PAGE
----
By Lori Montgomery
Washington Post Staff Writer
Friday, September 10, 2010; A21
Retiring Sen. George Voinovich (R-Ohio) said he plans to help push a package of small-business incentives through the Senate next week, a move that would give President Obama and congressional Democrats a key victory on the economy in the final weeks before the November midterm elections.
In an interview, Voinovich said he could no longer support Republican efforts to delay the measure in hopes of winning the right to offer additional amendments. Most of the proposed GOP amendments "didn't have anything to do with the bill" anyway, Voinovich said, and amounted merely to partisan "messaging."
"We don't have time for messaging," Voinovich said. "We don't have time anymore. This country is really hurting."
Voinovich said he told Majority Leader Harry M. Reid (D-Nev.) that, if a single amendment to reduce paperwork for business owners is considered on the floor, he will add his vote to those of the 59 senators who caucus with Democrats. That would give the majority party the 60 votes needed to overcome a possible GOP filibuster and approve the package when Congress returns to Washington next week.
With Voinovich's help, a top aide to Reid said, Senate leaders expect to approve the package by the end of next week. It would then go to the House for final passage.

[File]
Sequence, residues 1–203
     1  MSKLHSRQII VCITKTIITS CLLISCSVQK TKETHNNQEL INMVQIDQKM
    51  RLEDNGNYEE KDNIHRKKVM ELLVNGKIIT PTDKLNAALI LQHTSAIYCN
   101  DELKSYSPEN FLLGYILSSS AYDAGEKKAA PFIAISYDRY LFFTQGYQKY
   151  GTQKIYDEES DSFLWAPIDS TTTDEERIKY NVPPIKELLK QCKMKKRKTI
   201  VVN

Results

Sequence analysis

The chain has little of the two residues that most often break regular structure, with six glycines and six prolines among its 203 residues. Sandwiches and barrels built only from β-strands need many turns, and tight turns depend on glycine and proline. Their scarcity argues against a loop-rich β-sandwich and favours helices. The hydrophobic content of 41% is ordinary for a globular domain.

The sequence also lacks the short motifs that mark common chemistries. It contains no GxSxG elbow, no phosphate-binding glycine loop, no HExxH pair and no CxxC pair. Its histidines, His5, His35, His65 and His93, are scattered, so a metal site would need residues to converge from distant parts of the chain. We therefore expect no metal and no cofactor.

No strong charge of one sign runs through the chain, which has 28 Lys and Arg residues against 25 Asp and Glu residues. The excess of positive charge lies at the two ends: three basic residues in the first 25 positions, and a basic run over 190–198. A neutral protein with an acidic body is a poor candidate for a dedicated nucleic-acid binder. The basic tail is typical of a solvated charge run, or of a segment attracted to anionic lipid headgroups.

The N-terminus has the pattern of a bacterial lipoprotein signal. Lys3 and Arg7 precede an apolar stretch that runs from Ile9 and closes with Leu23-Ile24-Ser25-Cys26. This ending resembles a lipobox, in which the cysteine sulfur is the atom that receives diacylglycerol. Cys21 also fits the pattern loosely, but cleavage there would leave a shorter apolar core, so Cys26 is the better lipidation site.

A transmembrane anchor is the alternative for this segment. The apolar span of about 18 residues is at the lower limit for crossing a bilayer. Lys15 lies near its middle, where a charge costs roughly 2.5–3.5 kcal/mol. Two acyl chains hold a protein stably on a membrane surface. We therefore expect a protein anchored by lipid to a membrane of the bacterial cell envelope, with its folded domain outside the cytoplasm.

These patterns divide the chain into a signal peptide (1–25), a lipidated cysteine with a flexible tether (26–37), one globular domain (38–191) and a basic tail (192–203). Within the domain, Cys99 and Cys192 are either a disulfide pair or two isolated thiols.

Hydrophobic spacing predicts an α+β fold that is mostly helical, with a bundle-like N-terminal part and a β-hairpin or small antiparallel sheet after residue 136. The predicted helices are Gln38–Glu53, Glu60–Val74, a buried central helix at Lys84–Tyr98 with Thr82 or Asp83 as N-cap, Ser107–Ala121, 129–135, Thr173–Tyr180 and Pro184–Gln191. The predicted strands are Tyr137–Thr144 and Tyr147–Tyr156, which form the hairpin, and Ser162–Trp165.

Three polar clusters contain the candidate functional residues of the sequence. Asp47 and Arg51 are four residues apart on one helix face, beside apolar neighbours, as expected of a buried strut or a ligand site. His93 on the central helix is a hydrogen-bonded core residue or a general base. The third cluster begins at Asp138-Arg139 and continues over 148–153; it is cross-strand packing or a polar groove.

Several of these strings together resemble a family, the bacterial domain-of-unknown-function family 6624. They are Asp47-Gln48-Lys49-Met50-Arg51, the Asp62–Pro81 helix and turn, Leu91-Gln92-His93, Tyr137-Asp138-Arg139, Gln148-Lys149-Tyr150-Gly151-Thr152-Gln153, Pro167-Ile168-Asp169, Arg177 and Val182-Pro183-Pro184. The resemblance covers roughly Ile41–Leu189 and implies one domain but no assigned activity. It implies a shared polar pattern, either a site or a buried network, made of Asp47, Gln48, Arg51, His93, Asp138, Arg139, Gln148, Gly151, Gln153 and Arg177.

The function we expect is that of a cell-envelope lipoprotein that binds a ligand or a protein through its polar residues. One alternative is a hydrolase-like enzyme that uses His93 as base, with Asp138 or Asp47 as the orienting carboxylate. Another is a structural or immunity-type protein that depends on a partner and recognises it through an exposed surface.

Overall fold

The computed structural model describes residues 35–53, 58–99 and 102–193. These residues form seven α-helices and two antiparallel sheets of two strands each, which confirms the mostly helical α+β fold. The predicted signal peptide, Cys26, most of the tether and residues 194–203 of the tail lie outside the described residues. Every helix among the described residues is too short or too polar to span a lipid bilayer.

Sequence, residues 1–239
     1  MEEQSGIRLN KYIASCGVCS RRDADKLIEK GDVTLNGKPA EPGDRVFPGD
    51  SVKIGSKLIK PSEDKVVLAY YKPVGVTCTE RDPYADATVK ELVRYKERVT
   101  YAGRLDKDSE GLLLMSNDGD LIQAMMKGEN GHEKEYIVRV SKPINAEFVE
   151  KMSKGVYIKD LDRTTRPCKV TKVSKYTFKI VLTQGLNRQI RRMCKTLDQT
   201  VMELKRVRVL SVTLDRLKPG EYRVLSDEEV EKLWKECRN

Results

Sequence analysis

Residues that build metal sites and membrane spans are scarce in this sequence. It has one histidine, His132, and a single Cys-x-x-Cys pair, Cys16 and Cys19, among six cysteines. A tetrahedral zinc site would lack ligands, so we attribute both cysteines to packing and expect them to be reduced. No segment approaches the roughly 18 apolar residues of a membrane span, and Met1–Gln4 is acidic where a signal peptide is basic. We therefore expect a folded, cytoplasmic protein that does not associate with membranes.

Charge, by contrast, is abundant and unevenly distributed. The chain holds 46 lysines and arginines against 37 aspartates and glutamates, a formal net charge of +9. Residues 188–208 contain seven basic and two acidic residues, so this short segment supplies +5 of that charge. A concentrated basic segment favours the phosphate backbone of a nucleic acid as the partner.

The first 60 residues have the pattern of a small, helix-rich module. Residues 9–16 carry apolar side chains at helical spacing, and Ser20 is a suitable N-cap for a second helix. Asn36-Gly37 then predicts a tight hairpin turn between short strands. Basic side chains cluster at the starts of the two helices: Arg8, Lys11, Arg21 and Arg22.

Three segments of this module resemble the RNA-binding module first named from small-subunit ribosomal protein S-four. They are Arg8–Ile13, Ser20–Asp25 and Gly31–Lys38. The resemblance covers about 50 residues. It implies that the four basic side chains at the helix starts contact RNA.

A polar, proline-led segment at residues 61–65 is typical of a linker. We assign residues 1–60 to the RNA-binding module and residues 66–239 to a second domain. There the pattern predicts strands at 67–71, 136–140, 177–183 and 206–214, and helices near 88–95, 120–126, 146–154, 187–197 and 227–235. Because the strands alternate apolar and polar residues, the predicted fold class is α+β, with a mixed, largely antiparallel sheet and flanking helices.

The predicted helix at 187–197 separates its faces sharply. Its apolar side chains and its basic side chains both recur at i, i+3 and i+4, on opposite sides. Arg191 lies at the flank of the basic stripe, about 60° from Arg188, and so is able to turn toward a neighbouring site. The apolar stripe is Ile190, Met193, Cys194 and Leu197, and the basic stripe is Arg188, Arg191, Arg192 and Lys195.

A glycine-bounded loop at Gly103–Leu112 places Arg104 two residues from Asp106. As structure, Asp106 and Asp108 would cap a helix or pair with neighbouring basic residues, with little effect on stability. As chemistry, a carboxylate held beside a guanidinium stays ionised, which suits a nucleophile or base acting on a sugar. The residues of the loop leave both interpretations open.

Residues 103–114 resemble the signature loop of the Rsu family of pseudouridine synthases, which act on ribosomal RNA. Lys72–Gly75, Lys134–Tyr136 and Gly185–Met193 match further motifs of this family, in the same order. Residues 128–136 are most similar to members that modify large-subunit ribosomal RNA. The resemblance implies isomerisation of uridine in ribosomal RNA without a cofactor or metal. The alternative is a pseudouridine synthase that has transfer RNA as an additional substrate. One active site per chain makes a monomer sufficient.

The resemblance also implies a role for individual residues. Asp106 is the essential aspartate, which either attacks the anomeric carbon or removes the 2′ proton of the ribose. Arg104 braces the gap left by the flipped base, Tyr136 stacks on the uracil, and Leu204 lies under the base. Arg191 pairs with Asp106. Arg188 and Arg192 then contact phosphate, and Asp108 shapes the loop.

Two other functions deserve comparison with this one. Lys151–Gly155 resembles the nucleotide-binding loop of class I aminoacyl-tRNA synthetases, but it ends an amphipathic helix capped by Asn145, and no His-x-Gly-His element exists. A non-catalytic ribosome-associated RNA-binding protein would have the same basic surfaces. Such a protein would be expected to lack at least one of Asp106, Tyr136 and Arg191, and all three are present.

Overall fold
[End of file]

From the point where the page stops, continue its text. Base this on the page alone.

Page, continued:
The small-business bill is a priority for Obama, who has called repeatedly on Senate Republicans to drop their "blockade" of the measure. He mentioned it again during a speech Wednesday in Cleveland, arguing that delaying the bill's passage is leading small-business owners to put off hiring.
The package of tax breaks and other incentives includes a new loan fund that would encourage community banks to provide up to $30 billion to small businesses, improving access to credit - a problem hurting businesses owners in Ohio, Voinovich said. He cited the case of a constituent who was turned down for a loan by 42 banks. "I happen to believe these small-business people can't get money to save their souls," he said.
Voinovich, a longtime champion of federal transportation spending, said he also plans to work with Obama to pursue a six-year reauthorization of the federal highway bill. Voinovich said the president called him personally this week to ask for his support but offered few details about the plan - including how it would be funded.
Voinovich has argued for raising the gas tax, the traditional source of funding for federal roads projects. When he made that argument to Obama, however, the president "didn't respond," Voinovich said. "He just listened."